• Lack of time is the greatest barrier for Canadians when it comes to volunteering, with 47 per cent saying that not having enough time in their schedule has prevented them from volunteering and a quarter saying that having to take time off work has prevented them from volunteering. Western Canadians claim they are the busiest, with 52 per cent saying they don’t have time to volunteer, compared to 49 per cent of Ontarians and 35 per cent of Quebecois.
• The majority of Canadians currently working or looking for work would be more likely to volunteer if their employer took initiative to organize activities. Seventy-eight per cent said they would be more likely to volunteer if their company gave them time off work to volunteer, and 76 per cent would be more likely to volunteer if their company organized an event to support a specific charity.
• 3-in-5 Canadians say it’s important that the companies they apply to work at partner with non-profit organizations and help provide fundraising support. Ontarians care most about this, with 67 per cent saying it’s important, compared to 58 per cent in Quebec and 56 per cent in the West. Only 34 per cent of Quebecois say their company encourages employees to volunteer, compared with 43 per cent in Ontario and 42 per cent in Western Canada.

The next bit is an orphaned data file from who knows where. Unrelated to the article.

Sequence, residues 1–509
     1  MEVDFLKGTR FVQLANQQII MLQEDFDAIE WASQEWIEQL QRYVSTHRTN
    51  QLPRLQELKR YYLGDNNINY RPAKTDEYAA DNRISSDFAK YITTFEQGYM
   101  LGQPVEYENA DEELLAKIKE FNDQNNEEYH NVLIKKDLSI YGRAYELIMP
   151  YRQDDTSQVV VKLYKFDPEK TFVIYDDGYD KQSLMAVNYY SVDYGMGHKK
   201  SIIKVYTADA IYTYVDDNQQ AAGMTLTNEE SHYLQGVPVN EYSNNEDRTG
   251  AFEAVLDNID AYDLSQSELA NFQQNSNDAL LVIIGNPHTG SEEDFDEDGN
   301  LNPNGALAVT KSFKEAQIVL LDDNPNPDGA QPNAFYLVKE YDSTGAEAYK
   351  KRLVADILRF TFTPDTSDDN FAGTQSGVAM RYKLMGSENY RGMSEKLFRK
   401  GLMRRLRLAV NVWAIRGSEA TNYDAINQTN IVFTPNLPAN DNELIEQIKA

• Canadians are most willing to support causes related to disease and illness, with half of respondents saying they would consider supporting through donations, volunteering, or advocating on social media. Causes related to hunger, poverty and youth followed. Millennials are more likely than older Canadians to support children and youth-related causes and causes related to the environment, nature, and conservation. Nearly 1-in-2 Greatest Generation Canadians (49 per cent) and Baby Boomers (45 per cent) are willing to support causes related to elderly individuals compared to 26 per cent of Gen X’ers and millennials.
Volunteerism has been integral to TELUS’ corporate culture since 2000. Through groundbreaking initiatives like TELUS Days of Giving and TELUS Community Ambassadors, current employees, retirees, and their friends and families have the opportunity to volunteer in their communities all year long.